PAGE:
Concepts:

Encapsulation - Encapsulation is an attribute of OOP languages that allows the data to be hidden behind a set of interface procedures or protocol. This ensures that the programmer needs no nothing about the underlying data structure or content, they simply access the data via a set of defined interfaces. Inheritance - In an OOP language, a class can be derived from one or more classes. That is to say, the class not only contains the attributes and methods specific to it, it also picks up (or inherits) the attributes and methods of the class or classes from which it was derived Polymorphism - Polymorphism is the application of the same operation to different types of entity. Polymorphism can be considered as a unique feature of OOP allowing different objects to respond to the same message in there own specific way. Reusability - The benefit of reusability comes as a result of the previous 3 features. The attributes of Polymorphism, Inheritance and Encapsulation facilitate the reuse of code and the establishment of class libraries. Because the data is hidden and because the methods can be altered or overridden it is possible to use methods developed to satisfy one application in a completely different environment.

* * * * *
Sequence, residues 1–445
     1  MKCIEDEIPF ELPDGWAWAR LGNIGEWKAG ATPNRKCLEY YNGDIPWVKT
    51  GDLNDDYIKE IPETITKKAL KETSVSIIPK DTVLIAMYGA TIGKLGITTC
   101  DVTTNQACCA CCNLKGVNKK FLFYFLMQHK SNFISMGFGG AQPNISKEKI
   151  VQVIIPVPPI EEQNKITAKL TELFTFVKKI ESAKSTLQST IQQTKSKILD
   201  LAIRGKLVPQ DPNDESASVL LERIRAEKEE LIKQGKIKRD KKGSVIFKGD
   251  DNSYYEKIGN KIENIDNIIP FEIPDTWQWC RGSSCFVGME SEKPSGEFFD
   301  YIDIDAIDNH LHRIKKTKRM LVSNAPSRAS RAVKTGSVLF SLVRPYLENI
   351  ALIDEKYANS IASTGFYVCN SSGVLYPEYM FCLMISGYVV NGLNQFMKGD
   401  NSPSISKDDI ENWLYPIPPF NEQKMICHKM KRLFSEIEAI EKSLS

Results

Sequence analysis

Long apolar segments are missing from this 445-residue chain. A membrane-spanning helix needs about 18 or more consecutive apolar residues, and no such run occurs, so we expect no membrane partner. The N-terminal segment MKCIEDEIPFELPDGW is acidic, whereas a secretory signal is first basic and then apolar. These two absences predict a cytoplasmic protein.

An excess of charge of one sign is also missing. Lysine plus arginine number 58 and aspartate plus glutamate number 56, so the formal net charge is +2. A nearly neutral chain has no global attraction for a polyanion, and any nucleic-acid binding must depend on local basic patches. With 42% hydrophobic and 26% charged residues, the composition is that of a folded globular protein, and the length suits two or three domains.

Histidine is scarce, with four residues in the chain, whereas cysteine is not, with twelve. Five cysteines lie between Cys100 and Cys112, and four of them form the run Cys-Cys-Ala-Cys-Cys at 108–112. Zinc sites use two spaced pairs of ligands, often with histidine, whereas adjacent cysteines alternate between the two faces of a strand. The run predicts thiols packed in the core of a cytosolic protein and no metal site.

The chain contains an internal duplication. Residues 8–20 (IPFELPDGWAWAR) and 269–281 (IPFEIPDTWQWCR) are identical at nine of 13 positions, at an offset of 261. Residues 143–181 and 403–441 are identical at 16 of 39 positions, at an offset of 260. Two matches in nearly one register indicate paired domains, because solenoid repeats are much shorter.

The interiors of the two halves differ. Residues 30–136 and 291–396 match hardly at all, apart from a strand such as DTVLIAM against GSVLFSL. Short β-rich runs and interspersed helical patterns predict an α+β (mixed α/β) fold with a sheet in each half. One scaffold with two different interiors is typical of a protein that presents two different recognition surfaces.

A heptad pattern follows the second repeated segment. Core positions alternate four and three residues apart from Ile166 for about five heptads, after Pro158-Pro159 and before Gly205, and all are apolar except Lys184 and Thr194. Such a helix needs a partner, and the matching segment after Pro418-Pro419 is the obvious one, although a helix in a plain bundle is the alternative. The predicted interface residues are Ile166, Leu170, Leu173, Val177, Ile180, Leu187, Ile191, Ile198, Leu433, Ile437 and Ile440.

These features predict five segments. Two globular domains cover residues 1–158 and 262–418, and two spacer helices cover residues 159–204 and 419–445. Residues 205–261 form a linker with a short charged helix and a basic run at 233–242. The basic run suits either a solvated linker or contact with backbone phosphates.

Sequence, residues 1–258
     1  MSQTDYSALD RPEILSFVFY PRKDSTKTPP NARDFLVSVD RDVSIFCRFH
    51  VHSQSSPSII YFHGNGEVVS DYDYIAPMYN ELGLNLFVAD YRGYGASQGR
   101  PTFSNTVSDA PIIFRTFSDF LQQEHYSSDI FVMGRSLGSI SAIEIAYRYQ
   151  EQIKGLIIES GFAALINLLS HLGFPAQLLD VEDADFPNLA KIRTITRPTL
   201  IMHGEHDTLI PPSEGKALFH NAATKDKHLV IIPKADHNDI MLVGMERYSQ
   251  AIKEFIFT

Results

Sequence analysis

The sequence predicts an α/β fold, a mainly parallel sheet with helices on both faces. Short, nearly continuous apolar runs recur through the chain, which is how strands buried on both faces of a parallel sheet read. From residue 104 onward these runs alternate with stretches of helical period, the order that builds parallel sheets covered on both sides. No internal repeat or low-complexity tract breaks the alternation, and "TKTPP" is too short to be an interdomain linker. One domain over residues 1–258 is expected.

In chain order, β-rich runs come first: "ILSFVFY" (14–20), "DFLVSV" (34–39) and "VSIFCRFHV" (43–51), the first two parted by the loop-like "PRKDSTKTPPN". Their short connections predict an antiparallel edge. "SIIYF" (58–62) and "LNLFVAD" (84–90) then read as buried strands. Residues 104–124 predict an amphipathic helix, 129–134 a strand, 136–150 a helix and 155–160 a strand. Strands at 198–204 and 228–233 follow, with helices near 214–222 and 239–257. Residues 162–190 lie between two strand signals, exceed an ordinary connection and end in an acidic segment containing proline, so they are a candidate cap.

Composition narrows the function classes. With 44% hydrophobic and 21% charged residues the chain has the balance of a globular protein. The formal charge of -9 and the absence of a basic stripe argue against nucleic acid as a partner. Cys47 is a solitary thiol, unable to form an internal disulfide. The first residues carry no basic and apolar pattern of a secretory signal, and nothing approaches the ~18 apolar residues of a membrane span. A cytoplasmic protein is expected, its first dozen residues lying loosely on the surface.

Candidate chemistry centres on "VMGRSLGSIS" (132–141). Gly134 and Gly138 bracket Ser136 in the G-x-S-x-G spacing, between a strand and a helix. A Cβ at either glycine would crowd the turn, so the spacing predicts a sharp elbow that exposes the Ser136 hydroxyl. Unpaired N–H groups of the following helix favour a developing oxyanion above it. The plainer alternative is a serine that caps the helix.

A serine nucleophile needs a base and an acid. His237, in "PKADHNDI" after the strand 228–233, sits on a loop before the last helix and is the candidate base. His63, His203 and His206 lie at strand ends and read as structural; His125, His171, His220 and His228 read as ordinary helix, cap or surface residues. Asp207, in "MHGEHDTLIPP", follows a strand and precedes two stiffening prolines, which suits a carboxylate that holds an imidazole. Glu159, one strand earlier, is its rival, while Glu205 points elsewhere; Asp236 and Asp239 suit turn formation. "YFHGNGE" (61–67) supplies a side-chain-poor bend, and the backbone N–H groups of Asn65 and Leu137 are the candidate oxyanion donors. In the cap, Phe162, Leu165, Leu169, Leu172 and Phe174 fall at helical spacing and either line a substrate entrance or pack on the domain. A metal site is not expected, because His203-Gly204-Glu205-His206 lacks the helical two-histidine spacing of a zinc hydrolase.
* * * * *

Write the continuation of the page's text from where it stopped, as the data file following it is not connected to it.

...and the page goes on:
Comparison between Modular and Object Oriented Programming
Modular Programming With modular programming, procedures of a common functionality are grouped together into separate modules. A program therefore no longer consists of only one single part. It is now

divided into several smaller parts which interact through procedure calls and which form the whole program. The main program coordinates calls to procedures in separate modules and hands over appropriate data as parameters. Each module can have its own data. This allows each module to manage an internal state, which is modified by calls to procedures of this module. However, there is only one state per module and each module exists at most once in the whole program. Modular Programming Problems: • Explicit Creation and Destruction • Decoupled Data and Operations • Missing Type Safety The problem here with modular programming is, that you must explicitly create and destroy your list handles. Then you use the procedures of the module to modify each of your handles.

Modular programming technique